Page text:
Google this question and you will get many answers. One answer I got was to three general locations including the (a) Pacific Northwest, (b) Northern Midwest (WI, MN, MI), and (c) New England. Based on recent events, the Pacific Northwest does not look particularly good. Boston is part of New England and catches the tail end of major hurricanes. Another town in New England, Burlington, Vermont, was mentioned in another list as a great place to move to.  Unless you are wealthy, the price of housing is a crucial factor to consider when looking for a place to migrate to. A list of the five worst places to migrate to is Miami, Honolulu, New Orleans, Phoenix, and Boston.

Let me change gears and say:  the greatest problem facing the world today is not climate change, it is overpopulation.

In year zero the world population was 190 million; by 1800 it was one billion. It then hit 2 billion in 1928, 128 years later.  By 1960, it took only 32 years to hit 3 billion, 15 years to hit 4 billion, then 12-year spans to 5, 6, and 7 billion. Another way to look at it is the world population has doubled since 1970; if you are 51 years old, it has doubled during your lifetime. Experts believe the planet Earth cannot support a population of more than 12 billion.  Forecasts of what the world would look like then are grim.

     It is difficult to talk about world population problems because each continent, region, and country has its own unique problems; so let us just look at the U.S. With a current population of 330 million, it is not difficult to make a strong argument that we have too many people.  Overpopulation triggered the sixth mass extinction of wildlife. In addition, we are running out of water. For example, the Ogallala Aquifer, one of the largest freshwater aquifers in the world, supports 30% of U.S. crop and animal production, but it is becoming polluted and depleted. More water is flowing out than is flowing in. Even if the population stayed constant, it would only be a matter of time until there would not be enough water to support 330 million people.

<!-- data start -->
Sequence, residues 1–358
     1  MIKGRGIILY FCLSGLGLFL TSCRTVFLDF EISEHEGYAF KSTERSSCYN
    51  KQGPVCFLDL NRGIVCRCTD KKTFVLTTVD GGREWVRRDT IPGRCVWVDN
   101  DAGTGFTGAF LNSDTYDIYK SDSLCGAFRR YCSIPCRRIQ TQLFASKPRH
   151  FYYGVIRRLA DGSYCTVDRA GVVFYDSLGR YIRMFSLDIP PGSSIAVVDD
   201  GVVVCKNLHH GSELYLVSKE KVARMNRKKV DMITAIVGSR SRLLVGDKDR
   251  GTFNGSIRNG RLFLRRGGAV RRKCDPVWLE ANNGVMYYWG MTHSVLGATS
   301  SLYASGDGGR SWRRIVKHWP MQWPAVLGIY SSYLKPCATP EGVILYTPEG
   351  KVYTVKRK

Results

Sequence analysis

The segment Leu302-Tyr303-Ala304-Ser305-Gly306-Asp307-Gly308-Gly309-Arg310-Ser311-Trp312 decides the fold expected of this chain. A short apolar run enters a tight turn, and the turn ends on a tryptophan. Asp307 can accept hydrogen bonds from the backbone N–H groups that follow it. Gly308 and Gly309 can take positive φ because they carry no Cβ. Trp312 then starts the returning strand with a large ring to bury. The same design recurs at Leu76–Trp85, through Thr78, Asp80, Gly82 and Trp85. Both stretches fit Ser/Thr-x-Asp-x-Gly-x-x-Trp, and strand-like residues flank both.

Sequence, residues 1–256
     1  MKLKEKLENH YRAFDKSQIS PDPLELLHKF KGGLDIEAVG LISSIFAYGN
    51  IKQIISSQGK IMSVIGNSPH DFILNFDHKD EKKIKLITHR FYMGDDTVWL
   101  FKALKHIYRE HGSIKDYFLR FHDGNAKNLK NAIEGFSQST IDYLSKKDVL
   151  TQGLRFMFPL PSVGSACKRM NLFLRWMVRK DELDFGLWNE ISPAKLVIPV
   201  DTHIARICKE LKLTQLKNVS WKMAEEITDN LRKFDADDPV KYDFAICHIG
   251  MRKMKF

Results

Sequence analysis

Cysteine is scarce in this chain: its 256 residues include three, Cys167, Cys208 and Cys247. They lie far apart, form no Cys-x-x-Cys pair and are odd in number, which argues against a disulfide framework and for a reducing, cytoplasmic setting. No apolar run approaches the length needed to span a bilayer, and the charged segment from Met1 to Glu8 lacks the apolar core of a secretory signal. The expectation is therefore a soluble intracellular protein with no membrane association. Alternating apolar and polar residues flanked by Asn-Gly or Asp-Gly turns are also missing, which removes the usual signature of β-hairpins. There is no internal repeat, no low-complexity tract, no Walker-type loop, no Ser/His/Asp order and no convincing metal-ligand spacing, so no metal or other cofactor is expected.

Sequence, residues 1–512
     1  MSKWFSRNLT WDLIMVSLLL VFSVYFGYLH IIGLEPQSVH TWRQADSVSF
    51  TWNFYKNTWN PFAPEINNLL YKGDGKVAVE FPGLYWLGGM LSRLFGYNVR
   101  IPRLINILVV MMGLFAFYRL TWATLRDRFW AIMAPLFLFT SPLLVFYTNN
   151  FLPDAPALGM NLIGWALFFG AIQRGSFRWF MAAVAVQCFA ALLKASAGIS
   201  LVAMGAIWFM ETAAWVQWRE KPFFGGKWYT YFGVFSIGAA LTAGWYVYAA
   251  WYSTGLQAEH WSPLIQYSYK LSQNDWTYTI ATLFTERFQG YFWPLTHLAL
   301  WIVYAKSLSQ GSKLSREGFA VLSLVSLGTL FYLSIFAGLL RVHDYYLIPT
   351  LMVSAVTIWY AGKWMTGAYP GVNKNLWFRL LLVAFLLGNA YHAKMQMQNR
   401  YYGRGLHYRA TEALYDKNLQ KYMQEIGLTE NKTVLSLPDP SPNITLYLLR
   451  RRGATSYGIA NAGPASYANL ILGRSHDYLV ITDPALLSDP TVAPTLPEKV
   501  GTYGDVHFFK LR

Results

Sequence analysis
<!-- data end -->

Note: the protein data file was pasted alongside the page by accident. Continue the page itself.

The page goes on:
If something is sustainable, then it is good now and it is good in the future. A sustainable rate of population growth is zero.  Assume the population is half male and half female and each couple would have two children. Thus, you have two in and two out for a net rate of zero. Then the population would eventually stabilize and become constant, but the population would still be about 330 million people. A negative growth rate would be necessary to reduce the population. Suppose each couple had only one child; that would be one in and two out. Suppose, arbitrarily, this rate continued for one hundred years, back to 1921 when the population was 116 million or 15% of our current population.  This should be a sustainable population.

Kalamazoo, October 8, 2021